1st 35secs – Sweet, floral tart notes with playful fruity notes that coats the tongue in thickness while showing a strong smoky background that is very pleasant. As it goes down it it is slightly vegetal in the mouth while retaining strong floral and smoky notes. As it goes down, the floral and fruity notes linger in the mouth and back of the tongue.

2nd 30secs – Sweet with strong Tobacco notes and tart-bitter floral note that is pleasant as it opens up for the fruity sweet notes that coat the tongue with a thick body. As it goes down, the floral taste is very apparent and slowly turns fruity and sweet one again, lingering in the aftertaste. The floral and fruity notes linger in the mouth and throat with some freshness.

3rd 30secs – The tobacco notes resemble wild wood camp fire but retains its sweetness and floral complexity that coats the tongue and becomes fruity. As it washes down, it is strong in the tongue but thick and slowly moves to the back of the throat. The floral notes become sweet once again, and the fruity hints are more apparent in the lingering aftertaste.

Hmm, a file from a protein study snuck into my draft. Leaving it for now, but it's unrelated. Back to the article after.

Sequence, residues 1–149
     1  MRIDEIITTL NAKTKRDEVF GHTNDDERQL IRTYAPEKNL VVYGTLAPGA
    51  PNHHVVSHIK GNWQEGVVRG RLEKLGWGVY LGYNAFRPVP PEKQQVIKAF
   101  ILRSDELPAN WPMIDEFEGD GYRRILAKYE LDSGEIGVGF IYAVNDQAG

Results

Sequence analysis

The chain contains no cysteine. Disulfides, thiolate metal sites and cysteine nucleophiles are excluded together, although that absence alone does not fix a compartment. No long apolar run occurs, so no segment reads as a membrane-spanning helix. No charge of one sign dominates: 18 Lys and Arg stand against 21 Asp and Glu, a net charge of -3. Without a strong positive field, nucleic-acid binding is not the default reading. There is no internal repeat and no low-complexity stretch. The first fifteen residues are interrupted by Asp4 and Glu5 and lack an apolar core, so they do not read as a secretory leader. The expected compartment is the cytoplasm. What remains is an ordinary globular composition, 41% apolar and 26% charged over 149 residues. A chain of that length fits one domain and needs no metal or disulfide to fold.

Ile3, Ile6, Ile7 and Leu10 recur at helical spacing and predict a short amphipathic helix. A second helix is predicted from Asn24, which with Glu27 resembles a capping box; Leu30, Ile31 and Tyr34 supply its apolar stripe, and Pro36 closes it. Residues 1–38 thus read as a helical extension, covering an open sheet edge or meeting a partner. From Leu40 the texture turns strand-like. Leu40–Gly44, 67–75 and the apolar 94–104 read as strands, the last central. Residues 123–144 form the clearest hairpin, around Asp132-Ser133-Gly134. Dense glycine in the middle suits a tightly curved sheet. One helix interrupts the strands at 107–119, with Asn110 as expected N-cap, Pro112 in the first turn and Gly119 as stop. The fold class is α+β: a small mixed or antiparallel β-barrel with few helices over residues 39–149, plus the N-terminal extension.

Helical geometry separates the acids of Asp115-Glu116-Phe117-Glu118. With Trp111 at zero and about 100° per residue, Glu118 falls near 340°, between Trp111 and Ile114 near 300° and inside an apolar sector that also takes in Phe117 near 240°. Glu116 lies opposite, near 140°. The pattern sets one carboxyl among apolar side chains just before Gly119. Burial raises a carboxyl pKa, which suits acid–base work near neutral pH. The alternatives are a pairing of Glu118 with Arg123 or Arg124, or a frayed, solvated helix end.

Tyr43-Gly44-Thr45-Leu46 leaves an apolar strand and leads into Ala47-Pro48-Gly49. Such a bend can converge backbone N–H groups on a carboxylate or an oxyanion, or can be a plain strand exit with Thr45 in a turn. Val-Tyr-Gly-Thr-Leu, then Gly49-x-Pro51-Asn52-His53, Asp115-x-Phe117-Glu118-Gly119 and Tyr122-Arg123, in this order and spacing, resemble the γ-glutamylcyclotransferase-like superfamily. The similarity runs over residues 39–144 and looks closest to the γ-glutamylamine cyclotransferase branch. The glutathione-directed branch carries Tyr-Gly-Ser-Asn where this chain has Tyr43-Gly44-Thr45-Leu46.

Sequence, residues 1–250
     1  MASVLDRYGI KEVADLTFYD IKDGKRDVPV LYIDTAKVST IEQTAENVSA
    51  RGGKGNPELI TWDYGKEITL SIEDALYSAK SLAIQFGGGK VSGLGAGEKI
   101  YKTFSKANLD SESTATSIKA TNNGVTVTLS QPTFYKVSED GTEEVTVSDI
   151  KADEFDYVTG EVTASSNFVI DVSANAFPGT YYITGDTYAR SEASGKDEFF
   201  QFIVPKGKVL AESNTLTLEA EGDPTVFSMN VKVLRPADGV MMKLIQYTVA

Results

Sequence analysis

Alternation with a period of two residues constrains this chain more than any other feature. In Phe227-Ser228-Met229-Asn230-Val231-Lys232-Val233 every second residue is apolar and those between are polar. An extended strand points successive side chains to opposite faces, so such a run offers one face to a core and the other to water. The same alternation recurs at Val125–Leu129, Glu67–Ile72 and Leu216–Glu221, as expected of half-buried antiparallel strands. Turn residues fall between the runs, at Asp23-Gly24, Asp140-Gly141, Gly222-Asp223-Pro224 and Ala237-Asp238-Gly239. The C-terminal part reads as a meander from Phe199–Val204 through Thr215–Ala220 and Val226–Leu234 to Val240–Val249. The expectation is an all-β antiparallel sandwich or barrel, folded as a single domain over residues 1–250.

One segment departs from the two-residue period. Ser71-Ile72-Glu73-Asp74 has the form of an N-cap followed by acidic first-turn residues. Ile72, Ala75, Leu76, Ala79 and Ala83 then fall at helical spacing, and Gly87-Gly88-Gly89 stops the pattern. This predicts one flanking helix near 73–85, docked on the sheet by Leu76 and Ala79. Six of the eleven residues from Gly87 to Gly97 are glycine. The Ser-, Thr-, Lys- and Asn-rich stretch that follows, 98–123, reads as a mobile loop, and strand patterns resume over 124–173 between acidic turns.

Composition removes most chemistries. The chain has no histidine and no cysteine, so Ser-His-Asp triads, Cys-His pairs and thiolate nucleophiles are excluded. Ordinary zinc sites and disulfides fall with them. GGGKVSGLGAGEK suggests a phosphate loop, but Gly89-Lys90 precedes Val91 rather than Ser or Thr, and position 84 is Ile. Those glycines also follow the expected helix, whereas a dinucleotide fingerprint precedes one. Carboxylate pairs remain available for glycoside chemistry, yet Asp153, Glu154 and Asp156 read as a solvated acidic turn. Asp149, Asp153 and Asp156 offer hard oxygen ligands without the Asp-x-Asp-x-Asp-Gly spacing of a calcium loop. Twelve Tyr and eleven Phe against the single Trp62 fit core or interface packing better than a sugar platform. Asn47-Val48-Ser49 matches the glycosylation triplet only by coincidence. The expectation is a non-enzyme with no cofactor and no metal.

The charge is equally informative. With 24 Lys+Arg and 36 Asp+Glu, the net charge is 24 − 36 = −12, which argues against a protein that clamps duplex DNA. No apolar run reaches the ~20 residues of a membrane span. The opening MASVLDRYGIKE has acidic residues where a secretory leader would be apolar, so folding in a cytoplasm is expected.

Final Notes
I made several (7-8) steeps of this tea. I really love this one, inexpensive and delivers in all aspects. It is perfect for anyone who enjoys a tobbaco/smoky Puerh with a thick floral body and sweet lasting finish. The tea maintains a lot of its traits all the way to the end, you may notice some astringency apprearing in the later steeps but it is still pleasant.

However, it is a fickle Puerh when it comes to steeping time; I would advice to keep steeps on the shorter side . Doesn’t need a ‘wash’ a quick rinse or two works just fine, it is a good young tea and it doesn’t need much to wake up.

I just started a Blog http://thetinmycup.blogspot.com/ Please visit and feel free to comment!

Preparation
205 °F / 96 °C
Doug F

Great start to the blog.

JC

Thanks! Also, if you have any comments or recommendations they are also welcome. :)

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98

Dry - Sweet, refreshing, fruity-floral, nutty, baked greens.
Wet - Roasted oats, sweet, refreshing, vegetal yet floral-fruity and somewhat creamy.
Liquor - Pale Green – very fragrant nutty, floral and sweet.

Quick Notes Before the review